Slow growth means higher debt: Dube’s research reversing Reinhart-Rogoff cited

Arindrajit Dube
Arindrajit Dube

After UMass economics graduate student Thomas Herndon and professors Robert Pollin and Michael Ash blew the lid off of data errors in Carmen Reinhart and Kenneth Rogoff’s “Growth in a Time of Debt,” professor Arindrajit Dube determined that high public debt was more likely after a period of slow economic growth than before a period of slow growth. This indicates that slow growth is the driver of increasing debt, not that high debt diminishes growth. Dylan Matthews of The Washington Post’s “Wonkblog” recently cited Dube’s research (additionally he made a short mention of Herndon, Pollin and Ash):

Everything you need to know about the deficit – The Washington Post

And indeed, analyses after Reinhart and Rogoff’s confirmed that the causal arrow went from slow growth to high debt, not the other way around. Arindrajit Dube, an economist at UMass Amherst, found that high debt loads are better correlated with slow growth before the debt gets that large as opposed to after, indicating that it’s the slow growth causing the debt and not the other way around:

The left chart correlates debt-to-GDP ratios of a given year to the GDP growth rates of the next three years. If debt is causing slow growth, there should be a strong relationship. But except at the very low end, there isn’t. Meanwhile, the right chart correlates debt-to-GDP ratios of a given year to GDP growth rates of the previous three years. There’s a very strong relationship, indicating that slow growth causes high debt and not the other way around.


Folbre: Stay-at-home spouse work contributes to family well-being but not GDP

Nancy Folbre
Nancy Folbre

In this Economix blog post, UMass Amherst professor emeritus Nancy Folbre discusses the lack of measured value of housework in our economic indicators. A stay-at-home spouse’s work is not counted towards GDP, but, at equal income levels, a single-income household where the other spouse performs 20 hours of housework per week is better off than a dual-income household where there is no stay-at-home spouse. (New York Times, 9/9/13)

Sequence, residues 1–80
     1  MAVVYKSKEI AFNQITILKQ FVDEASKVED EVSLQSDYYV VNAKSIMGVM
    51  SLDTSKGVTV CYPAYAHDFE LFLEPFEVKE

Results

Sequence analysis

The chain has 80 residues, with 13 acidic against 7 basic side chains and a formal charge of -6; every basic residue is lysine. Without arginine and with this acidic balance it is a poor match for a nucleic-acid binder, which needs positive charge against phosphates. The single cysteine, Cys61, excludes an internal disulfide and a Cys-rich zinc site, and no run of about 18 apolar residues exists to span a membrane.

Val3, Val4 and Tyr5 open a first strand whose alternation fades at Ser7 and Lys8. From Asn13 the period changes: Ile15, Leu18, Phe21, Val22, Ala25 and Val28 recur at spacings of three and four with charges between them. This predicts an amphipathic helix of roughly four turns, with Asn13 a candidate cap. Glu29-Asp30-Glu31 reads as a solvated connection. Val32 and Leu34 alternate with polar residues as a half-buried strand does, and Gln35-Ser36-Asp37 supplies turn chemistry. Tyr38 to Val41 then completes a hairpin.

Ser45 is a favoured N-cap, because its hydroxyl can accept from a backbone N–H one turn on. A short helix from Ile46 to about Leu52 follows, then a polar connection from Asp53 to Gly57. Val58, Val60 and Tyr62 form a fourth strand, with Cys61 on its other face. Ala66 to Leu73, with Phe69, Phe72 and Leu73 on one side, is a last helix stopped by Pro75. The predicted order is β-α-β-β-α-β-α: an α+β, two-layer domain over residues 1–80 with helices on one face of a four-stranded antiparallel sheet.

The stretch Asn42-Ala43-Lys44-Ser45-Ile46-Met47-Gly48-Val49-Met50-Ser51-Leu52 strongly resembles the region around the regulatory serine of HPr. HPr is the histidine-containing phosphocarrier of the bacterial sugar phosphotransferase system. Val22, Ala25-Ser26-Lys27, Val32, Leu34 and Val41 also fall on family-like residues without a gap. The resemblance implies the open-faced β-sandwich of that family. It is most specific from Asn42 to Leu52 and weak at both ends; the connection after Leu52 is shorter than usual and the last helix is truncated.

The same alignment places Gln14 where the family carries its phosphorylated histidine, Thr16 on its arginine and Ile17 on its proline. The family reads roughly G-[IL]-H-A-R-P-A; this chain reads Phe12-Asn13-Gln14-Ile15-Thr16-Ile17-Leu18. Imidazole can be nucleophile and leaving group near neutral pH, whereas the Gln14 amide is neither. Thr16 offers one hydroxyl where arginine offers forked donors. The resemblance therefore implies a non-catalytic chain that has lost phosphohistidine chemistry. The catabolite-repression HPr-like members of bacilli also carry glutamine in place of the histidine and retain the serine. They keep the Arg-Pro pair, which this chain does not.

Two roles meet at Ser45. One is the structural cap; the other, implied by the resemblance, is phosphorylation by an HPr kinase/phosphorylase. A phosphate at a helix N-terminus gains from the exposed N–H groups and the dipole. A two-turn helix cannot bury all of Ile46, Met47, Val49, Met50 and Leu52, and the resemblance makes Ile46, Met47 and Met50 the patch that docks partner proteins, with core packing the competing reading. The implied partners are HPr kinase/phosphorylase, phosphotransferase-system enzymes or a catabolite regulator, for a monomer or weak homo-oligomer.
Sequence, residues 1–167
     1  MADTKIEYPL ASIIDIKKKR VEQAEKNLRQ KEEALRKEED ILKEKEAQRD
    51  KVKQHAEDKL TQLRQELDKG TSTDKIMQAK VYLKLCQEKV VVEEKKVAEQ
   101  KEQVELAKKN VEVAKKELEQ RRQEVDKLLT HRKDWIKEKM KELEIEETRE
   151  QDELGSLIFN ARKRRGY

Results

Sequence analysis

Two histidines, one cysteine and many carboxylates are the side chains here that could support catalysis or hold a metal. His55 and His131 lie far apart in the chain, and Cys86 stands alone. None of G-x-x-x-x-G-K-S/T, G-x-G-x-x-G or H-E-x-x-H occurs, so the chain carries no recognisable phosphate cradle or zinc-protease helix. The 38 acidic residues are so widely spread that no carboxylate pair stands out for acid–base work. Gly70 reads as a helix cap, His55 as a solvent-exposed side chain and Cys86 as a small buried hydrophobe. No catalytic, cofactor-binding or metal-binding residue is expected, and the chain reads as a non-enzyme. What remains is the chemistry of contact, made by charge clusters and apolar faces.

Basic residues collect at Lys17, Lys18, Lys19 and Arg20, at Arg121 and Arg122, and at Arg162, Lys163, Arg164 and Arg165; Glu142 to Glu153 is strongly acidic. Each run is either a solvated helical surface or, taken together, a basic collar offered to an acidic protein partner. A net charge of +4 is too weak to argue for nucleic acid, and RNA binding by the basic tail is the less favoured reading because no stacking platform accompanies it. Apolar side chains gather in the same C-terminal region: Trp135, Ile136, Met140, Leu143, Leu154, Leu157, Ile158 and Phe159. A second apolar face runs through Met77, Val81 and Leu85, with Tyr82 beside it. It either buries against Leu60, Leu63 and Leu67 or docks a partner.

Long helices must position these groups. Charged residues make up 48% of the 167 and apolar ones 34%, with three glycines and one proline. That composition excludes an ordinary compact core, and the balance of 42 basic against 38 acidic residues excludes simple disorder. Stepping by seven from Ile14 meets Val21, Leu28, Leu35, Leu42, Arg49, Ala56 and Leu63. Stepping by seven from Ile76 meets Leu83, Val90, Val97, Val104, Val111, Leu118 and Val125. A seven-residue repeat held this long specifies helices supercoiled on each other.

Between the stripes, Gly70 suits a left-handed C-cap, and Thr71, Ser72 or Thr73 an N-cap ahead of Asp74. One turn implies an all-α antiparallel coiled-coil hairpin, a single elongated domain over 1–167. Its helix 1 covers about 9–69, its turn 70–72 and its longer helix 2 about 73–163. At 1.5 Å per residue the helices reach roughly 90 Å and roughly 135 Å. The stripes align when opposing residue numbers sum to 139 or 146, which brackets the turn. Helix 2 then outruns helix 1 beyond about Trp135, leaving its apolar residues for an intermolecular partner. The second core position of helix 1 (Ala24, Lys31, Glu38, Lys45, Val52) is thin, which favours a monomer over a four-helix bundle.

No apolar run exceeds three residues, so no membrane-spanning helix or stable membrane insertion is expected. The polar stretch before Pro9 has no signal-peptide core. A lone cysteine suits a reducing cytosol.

Valuing Houses but Not Housewives
by Nancy Folbre

“Home ownership allows people to invest in an asset they own, enjoying the services of that asset rather than paying rent to somebody else. That’s why imputed rent is calculated as a component of personal income in national income accounts – an important exception to the rule that only monetary transactions are included.

A stay-at-home spouse who specializes in unpaid work also increases household living standards, by reducing the need to purchase services like child care, housekeeping, gardening and meals away from home. Imputations of the value of this work are included in some experimental national income accounts but are largely ignored in discussions of public policy, with some perverse consequences.


The same double standard is applied to married housewives, who are typically described as “not working,” although on average they spend more than 40 hours a week in activities that someone else could be paid to perform. Of course, lots of people do unpaid work, not just stay-at-home spouses. And when married women engage in paid employment, they don’t reduce their hours of unpaid work enough to compensate, working longer hours overall.

Still, a comparison of the unpaid work hours provided by married women with children under 18 when they work full-time for pay and when they are not employed shows that the latter – the “housewives” – provide more than 20 hours extra a week of unpaid work.

So there is a real difference in living standards between a family in which both parents are working, each earning disposable income of $25,000 per year, and one in which one parent earns disposable income of $50,000 a year and the other stays home providing those extra 20 hours of household services.

Yet the rules governing access to benefits like the earned income tax credit are based on money income, regardless of the number of adults working for pay or the level of unpaid family work.”